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Social Ecology and Group Cohesion in Pilot Whales and Their Responses to Playback of Anthropogenic and Natural Sounds

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Technical Report

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Woods Hole Oceanographic Institution Woods Hole United States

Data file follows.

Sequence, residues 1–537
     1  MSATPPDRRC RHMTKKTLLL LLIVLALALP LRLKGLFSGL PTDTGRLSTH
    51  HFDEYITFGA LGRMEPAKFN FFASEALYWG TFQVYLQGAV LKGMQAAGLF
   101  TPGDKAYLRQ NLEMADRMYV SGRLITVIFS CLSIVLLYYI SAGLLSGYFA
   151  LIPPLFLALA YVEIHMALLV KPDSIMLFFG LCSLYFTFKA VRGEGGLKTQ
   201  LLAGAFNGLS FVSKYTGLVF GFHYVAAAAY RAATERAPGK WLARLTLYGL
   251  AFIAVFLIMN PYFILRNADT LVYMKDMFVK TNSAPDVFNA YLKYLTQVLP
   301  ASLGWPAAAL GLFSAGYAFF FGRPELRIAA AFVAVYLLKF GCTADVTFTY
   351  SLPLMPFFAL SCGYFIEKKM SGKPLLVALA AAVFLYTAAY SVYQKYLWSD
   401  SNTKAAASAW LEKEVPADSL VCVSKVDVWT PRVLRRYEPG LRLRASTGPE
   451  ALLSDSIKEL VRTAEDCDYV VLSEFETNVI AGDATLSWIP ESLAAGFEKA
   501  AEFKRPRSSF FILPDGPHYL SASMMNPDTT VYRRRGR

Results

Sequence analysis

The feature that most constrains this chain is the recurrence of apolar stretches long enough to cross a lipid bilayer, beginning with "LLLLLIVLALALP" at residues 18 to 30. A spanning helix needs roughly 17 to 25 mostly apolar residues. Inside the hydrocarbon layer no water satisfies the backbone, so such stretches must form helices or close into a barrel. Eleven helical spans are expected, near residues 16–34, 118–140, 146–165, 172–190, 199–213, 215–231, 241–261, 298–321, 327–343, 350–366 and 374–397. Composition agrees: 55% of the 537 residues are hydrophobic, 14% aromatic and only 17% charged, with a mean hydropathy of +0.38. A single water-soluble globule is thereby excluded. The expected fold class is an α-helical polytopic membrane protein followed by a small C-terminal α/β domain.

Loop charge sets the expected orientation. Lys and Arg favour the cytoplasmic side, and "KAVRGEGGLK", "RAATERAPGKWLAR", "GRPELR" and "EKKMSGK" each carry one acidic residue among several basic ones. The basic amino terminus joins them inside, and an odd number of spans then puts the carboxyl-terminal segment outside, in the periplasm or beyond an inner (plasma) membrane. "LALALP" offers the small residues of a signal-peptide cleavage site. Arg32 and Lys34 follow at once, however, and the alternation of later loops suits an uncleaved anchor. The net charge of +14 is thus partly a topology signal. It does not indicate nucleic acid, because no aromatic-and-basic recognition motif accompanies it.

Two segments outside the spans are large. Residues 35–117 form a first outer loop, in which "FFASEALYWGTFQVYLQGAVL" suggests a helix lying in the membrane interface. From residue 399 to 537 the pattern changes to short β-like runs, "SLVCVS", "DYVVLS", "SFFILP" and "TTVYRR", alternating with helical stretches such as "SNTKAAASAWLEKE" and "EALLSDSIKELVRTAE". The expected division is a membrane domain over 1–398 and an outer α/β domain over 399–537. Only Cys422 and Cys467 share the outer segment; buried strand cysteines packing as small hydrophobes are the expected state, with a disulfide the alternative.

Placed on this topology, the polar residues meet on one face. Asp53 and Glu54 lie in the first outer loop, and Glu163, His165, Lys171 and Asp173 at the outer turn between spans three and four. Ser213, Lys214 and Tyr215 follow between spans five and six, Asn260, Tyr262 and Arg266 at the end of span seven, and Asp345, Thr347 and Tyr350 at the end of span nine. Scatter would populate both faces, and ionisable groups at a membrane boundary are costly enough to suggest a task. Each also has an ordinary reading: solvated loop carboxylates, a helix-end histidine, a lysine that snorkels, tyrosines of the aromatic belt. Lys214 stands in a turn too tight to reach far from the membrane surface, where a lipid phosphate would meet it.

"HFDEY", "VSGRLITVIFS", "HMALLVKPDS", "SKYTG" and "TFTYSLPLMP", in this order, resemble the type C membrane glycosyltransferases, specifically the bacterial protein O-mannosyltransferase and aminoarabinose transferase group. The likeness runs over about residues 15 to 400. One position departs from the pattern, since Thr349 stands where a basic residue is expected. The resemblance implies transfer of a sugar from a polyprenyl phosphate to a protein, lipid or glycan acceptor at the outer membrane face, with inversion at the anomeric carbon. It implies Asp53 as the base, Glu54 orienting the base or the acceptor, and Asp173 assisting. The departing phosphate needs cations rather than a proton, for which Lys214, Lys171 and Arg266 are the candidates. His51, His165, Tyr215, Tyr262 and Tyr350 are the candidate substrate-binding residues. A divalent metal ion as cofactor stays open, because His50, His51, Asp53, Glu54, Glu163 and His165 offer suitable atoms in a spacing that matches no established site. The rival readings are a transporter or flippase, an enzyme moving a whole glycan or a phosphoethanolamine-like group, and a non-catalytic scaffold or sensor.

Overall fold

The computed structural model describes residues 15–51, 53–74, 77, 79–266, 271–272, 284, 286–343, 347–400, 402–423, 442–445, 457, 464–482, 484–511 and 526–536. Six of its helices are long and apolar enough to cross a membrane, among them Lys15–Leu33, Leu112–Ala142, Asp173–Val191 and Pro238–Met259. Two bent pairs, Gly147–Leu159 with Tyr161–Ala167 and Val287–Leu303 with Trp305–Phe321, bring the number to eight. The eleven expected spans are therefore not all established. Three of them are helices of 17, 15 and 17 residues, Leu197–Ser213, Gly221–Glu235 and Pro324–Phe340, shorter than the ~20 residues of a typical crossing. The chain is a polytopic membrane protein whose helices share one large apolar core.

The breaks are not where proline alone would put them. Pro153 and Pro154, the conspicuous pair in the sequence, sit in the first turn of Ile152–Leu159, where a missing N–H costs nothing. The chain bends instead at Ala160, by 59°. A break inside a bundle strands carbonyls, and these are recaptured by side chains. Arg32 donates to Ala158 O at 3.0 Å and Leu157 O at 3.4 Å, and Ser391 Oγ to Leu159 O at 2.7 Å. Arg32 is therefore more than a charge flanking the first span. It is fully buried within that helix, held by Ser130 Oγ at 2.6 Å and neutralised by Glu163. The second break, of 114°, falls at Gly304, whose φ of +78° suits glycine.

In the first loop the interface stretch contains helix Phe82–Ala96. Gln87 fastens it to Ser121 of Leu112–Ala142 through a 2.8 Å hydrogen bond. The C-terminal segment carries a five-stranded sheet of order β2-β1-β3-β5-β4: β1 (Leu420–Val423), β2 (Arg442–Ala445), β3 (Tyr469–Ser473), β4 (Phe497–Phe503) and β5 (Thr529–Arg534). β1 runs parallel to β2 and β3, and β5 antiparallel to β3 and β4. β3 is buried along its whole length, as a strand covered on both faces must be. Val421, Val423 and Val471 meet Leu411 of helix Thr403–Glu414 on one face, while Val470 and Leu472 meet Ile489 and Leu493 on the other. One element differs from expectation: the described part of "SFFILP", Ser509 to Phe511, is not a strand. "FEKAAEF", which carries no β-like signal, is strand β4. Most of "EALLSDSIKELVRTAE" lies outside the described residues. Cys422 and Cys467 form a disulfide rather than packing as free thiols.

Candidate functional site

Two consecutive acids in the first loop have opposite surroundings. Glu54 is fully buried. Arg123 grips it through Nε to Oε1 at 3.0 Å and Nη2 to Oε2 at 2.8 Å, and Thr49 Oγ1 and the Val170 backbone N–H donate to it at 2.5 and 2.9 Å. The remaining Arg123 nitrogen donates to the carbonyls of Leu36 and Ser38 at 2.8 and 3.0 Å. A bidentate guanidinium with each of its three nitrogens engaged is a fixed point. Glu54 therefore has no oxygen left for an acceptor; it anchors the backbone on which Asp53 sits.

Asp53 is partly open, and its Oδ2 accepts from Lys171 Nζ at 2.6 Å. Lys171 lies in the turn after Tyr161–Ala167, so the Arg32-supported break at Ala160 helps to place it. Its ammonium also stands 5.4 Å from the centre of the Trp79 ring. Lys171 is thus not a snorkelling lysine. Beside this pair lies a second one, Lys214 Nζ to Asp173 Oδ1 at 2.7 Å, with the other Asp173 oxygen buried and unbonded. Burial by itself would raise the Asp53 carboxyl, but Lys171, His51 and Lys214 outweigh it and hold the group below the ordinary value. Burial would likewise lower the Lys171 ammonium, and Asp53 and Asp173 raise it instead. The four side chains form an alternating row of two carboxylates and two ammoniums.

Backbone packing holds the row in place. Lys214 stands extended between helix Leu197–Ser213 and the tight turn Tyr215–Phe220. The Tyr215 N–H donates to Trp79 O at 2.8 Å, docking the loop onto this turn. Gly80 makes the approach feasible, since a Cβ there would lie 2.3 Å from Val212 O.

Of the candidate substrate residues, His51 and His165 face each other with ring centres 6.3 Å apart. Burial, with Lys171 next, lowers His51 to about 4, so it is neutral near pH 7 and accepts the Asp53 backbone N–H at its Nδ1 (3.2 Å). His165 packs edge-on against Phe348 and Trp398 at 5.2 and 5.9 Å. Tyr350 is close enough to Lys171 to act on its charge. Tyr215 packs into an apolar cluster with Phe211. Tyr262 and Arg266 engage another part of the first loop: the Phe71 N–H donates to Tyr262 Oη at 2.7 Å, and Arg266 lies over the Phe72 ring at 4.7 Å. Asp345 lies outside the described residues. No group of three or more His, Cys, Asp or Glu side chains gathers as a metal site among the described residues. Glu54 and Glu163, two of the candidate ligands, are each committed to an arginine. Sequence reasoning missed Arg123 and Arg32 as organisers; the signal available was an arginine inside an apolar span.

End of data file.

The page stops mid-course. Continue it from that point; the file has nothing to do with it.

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This project investigates the social ecology and cohesion of long-finned pilot whales as part of a broad multi-investigator research program that seeks to understand how cetaceans are affected by mid-frequency sonar and other sources of anthropogenic noise. The study of how noise affects large delphinids such as pilot whales is important since these species have different social systems and seem to respond differently to anthropogenic noise sources such as sonar Cur et al., 2012 compared to beaked whales DeRuiter et al., 2013 Tyack et al., 2011. However, the baseline behavior of pelagic delphinids is much less well understood compared to beaked whales, making both design and interpretation of controlled exposure experiments difficult Miller et al., 2012. For gregarious species relying on social strategies to defend against potential predators or competitors, the size, composition and cohesion of the natal group as well as the dive activity of group members likely plays an important role in shaping the decision processes of individuals and to determine the degree of response to a potential threat. Our goal here is to study the social dynamics and effects of noise on group-living delphinids. We aim to gather data to design, conduct and interpret controlled exposure experiments to social delphinids such as pilot whales, with the ultimate goal of understanding responses to naval sonar and improving Navy environmental analyses.

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